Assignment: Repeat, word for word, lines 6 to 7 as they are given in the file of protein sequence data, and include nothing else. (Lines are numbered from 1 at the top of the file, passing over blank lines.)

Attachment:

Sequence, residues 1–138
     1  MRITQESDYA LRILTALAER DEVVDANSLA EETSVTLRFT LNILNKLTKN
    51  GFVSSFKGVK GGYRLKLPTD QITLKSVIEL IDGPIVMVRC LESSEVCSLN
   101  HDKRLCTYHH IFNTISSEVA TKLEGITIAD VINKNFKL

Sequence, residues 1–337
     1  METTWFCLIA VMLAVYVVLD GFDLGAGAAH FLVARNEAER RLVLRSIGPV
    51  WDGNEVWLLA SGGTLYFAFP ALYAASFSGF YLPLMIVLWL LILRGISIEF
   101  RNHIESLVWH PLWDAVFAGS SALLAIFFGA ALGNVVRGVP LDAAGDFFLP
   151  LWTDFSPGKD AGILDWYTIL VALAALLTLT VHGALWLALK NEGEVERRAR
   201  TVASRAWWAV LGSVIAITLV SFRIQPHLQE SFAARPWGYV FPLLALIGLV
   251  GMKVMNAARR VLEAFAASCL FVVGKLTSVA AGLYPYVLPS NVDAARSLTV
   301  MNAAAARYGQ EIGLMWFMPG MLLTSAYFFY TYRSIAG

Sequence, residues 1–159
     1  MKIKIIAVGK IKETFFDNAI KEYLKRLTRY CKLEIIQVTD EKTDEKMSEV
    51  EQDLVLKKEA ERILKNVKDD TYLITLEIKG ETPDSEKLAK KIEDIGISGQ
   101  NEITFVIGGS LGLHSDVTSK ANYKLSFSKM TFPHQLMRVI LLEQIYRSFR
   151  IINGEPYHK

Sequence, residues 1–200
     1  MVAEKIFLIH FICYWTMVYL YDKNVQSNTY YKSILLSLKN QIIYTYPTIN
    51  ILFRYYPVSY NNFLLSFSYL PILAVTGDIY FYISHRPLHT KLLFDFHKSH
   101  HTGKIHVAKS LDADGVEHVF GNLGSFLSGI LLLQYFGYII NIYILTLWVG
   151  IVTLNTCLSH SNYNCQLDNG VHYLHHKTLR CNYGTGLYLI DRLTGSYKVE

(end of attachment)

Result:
     1  METTWFCLIA VMLAVYVVLD GFDLGAGAAH FLVARNEAER RLVLRSIGPV
    51  WDGNEVWLLA SGGTLYFAFP ALYAASFSGF YLPLMIVLWL LILRGISIEF